The Gray Whale is one of the most exciting mammals to see in Point Reyes and are spotted every winter and spring. As these magnificent creatures pass the shores of Point Reyes, they are making one of the most exhausting migrations of any animal—traveling nearly 13,000 miles (20,922 km) round trip!
In December and January thousands of whales migrate south past the Point Reyes peninsula. In February sightings at this location slow down, as most whales are already in the warm lagoons of Baja California, Mexico. In March, sightings start to increase again as the whales make their way north to their Alaskan feeding grounds. During the northbound migration, most gray whales are within a mile of the shore.
For tips on spotting Gray Whales, among other species, and the best spots to do so in Point Reyes, visit our Whale Watching webpage!
What are Baleen Whales?
Gray whales are baleen whales. Whales have two suborders: baleen whales or toothed whales. Baleen whales do not have bony teeth, instead have overlapping baleen plates. Baleen plates are hair-like "teeth" that hang from the upper jaw of some species of whales. Baleen is made of keratin--just like our hair and fingernails--and has the texture of a broom!
A gray whale can grow to about 50 feet (15 m) long and weigh up to forty tons. While Gray whales do not have a dorsal fin, they do have dorsal hump. A series of 8 to 14 small bumps called "knuckles" follow the dorsal hump. When whale-watching you will see the spout as the whale surfaces to breathe, then its back as it dives beneath the surface. Look closely at its back, and you can identify the species by the shape of the dorsal fin or hump.
Calves are born a uniform dark gray that becomes spotted as they get older. The spots are scars left when barnacles that live on the whales head and tail break off. The gray whale and the barnacles that live on them are an excellent example of commensalism. Commensalism is a relationship where one organism benefits, and the other doesn't experience any benefits or drawbacks. Gray whales can also have whale lice, which behave more like a true parasite. These whale lice feed on the whale's skin and tissue, and while this does not harm the whale, it appaears that it does become irritating after a while. One theory is that gray whales breach, jumping fully out of the water, to knock off the irritating whale lice.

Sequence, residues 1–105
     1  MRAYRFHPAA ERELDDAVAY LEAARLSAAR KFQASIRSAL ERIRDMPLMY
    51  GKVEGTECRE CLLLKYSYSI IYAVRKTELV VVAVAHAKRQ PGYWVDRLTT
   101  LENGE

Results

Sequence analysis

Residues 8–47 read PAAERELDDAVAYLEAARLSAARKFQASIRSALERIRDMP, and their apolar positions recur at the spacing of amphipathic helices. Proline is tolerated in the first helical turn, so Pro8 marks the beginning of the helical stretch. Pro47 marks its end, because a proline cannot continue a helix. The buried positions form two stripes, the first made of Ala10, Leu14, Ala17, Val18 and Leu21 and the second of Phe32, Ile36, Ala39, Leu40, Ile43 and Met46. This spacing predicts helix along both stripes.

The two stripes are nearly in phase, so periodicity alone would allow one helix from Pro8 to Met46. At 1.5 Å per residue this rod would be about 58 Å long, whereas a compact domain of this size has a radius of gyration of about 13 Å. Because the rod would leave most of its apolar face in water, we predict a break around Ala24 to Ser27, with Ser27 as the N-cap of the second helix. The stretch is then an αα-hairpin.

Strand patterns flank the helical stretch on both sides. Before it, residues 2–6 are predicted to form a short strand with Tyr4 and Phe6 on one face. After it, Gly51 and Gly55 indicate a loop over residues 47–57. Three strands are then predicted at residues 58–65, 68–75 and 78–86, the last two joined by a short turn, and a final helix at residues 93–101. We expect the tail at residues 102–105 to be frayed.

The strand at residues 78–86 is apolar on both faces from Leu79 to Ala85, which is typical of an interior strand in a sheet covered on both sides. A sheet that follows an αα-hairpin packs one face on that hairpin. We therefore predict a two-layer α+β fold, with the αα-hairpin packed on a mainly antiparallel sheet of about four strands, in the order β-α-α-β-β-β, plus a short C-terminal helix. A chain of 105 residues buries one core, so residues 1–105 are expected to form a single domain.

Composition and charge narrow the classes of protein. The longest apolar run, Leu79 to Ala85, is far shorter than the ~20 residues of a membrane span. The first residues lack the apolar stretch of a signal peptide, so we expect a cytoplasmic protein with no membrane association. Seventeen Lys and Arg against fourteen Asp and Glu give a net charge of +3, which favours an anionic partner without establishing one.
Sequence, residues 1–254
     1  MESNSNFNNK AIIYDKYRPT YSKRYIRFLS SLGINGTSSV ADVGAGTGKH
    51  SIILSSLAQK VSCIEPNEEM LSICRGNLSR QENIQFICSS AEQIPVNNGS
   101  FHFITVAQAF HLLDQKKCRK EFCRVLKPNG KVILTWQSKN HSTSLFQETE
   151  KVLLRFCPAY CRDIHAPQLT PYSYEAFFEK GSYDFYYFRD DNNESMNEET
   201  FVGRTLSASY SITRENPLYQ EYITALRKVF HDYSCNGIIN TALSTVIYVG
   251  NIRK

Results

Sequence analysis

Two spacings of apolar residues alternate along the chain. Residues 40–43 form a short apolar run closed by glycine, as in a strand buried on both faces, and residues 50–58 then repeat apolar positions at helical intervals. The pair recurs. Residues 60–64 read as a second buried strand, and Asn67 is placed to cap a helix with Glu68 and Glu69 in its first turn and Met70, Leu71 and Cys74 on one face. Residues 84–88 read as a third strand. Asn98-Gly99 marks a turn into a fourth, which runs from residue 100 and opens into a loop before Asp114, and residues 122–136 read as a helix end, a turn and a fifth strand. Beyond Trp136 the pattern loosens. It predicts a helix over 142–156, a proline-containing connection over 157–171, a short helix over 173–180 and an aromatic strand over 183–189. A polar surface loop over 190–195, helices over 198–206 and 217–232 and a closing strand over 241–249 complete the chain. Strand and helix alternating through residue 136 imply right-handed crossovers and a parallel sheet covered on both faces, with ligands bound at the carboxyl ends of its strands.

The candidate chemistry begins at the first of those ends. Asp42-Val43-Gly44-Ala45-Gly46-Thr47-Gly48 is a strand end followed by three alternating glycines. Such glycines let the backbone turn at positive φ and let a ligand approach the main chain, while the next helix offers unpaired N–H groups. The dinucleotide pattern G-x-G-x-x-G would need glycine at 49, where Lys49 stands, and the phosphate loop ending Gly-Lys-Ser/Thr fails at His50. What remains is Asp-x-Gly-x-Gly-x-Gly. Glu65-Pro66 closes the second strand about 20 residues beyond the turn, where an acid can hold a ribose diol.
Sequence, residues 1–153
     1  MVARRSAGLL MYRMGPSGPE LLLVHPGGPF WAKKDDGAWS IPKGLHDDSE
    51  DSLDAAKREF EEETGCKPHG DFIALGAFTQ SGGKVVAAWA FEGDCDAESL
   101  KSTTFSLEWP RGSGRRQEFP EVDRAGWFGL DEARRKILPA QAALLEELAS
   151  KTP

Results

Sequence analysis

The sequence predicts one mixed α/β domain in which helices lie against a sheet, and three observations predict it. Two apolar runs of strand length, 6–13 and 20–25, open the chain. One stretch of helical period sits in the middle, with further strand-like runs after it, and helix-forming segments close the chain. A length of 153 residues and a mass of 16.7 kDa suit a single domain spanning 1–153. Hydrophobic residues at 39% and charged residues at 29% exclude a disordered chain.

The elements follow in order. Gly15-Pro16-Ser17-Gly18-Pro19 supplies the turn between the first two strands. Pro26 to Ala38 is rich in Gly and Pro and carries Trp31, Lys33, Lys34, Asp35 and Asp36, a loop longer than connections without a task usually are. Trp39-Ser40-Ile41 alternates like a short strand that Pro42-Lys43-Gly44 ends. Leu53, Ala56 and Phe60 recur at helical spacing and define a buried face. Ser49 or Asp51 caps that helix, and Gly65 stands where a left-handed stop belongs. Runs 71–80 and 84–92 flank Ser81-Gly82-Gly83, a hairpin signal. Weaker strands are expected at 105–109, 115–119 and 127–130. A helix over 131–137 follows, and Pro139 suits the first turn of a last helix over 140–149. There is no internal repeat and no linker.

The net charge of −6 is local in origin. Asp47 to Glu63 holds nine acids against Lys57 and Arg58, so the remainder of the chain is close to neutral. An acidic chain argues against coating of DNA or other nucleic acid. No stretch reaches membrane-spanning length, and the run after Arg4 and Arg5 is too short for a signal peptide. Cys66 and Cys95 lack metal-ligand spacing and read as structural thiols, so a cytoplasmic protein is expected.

Reproduction and Life Span
Migration ensures the survival of gray whales. They travel to the warm water lagoons in Mexico to give birth and to mate. Gray whales reach breeding age at approximately eight years of age. Females may mate with several males and will become pregnant once every two or more years. During a gray whale's year-long gestation period, the female will have migrated from Mexico to Alaska and back. Baby whales are called calves, and the warm lagoons of Baja are a safe place to be born, sometimes with the help of a whale “auntie.” Calves are born with rubbery flippers, making swimming immediately after birth difficult. Since the calf cannot swim, the mother or auntie will push the calf to the surface for their first breath. The calf is 12 to 15 feet (3.5 to 4.5 m) long at birth, weighing up to1,500 pounds (680kg), about a third of the size of an adult.
Calves nurse for seven to eight months. Gray whale mothers produce milk that is 53% fat, compared to human milk which is 3-5% fat. Calves will drink up to 50 gallons of milk a day, gaining 60-70 pounds of blubber daily. Having a thick layer of blubber will be necessary for their northern migration into artic waters.
Reproduction success, and low infant mortality, is necessary for the gray whale population. Gray whales are currently experiencing an unusual mortality event (UME), which began in 2019. The UME is causing younger whales to become stranded, with no clear cause of death. Under normal circumstances, gray whales can live up to seventy years.
In the early 1900s, citizens became concerned about waning biodiversity, especially among ocean species. Humans hunted some whale species to extinction in the quest for their oil-rich blubber used for machine lubrication and oil lamps. Fortunately over time, conservation groups pressured their governments to institute protective measures. In 1949, the International Whaling Commission banned commercial hunting of gray whales. In 1971, the Mexican government protected breeding lagoons in Baja. This legislation created the first whale sanctuary in the world.
The United States expanded protection for marine life by establishing the Marine Mammal Protection act in 1972. Gray whales were also protected by the Endangered Species Act of 1973. The protected gray whale population in the eastern Pacific began to grow. The U.S. Fish and Wildlife Service delisted gray whales from the endangered species list in 1994.
Gray whales have made a remarkable recovery from the brink of extinction. Yet, there are still many issues that may affect the future of the whales. Threats include:
Given how human activitiy impacts marine mammals like gray whales, our choices and decisions have a profound influence on their future. Learn more about the National Park Service’s response to climate change.
Last updated: August 19, 2023